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Differential effects of condensed and hydrolyzable tannin on polyphenol oxidase activity of attine symbiotic fungus

Differential effects of condensed and hydrolyzable tannin on polyphenol oxidase activity of attine symbiotic fungus

Journal of Chemical Ecology 17(9): 1811-1819

The leaf-cutting ant Atta cephalotes is a generalist herbivore of the neotropics and collects leaf material to cultivate a fungus. It appears that this fungus, a Basidiomycete, is responsible for the ability of the ants to utilize most of the available woody plant species. Tannins and other phenolics are ubiquitous secondary chemicals in woody plants, and Basidiomycete fungi produce enzymes, such as polyphenol oxidase, that are capable of polymerizing and inactivating the phenolics. This study evaluates the effects of a condensed and a hydrolyzable tannin on the activity of polyphenol oxidase and the growth of the fungus. I hypothesized that low concentrations of tannin would not inhibit polyphenol oxidase activity but high concentrations would inhibit the enzyme. Consequently, I predicted that only high concentrations of tannin would inhibit fungal growth, Laboratory assays with the fungus indicated that hydrolyzable tannin (tannic acid) and condensed tannin (quebracho tannin) differ in the mechanism of inhibition. Tannic acid does not inhibit polyphenol oxidase activity but does inhibit fungal growth. Quebracho tannin, however, inhibits both polyphenol oxidase activity and fungal growth. As predicted, both tannic acid and quebracho tannin primarily inhibit the fungus at high concentrations.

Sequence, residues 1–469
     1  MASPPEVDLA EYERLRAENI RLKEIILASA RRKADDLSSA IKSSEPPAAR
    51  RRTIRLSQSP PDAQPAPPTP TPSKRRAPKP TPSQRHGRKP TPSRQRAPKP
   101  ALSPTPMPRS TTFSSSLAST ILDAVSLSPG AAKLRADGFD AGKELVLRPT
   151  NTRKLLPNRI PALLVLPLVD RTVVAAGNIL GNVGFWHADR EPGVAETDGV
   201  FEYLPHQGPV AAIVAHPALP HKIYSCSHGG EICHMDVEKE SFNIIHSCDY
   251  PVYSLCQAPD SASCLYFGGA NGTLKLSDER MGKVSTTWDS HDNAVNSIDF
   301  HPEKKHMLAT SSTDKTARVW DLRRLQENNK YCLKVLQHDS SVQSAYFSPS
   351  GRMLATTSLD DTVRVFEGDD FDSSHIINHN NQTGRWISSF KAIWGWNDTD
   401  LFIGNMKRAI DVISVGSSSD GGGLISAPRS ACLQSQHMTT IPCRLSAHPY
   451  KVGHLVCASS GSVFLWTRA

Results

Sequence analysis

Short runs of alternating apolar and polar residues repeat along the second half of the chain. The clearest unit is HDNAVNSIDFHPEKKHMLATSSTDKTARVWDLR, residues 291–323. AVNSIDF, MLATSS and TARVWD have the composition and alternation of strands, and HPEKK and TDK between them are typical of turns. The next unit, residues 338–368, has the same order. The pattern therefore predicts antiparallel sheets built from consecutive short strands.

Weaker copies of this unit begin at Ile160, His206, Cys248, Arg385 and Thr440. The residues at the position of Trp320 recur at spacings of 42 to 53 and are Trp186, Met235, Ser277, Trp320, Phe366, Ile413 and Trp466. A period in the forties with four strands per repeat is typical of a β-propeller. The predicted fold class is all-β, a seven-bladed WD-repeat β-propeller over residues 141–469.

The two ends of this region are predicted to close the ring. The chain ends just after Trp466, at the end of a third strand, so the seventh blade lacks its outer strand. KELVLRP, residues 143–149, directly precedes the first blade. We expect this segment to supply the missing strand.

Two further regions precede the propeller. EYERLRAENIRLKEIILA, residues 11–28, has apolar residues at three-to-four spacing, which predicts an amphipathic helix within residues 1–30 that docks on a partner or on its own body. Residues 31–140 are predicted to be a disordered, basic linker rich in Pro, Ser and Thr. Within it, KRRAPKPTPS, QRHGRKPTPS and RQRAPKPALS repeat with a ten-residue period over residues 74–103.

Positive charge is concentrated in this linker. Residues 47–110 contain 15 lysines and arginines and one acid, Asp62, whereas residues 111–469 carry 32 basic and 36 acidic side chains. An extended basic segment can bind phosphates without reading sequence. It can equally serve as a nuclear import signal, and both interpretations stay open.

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Accession: 002072580

Download citation: RISBibTeXText

PMID: 24257922

DOI: 10.1007/BF00993730

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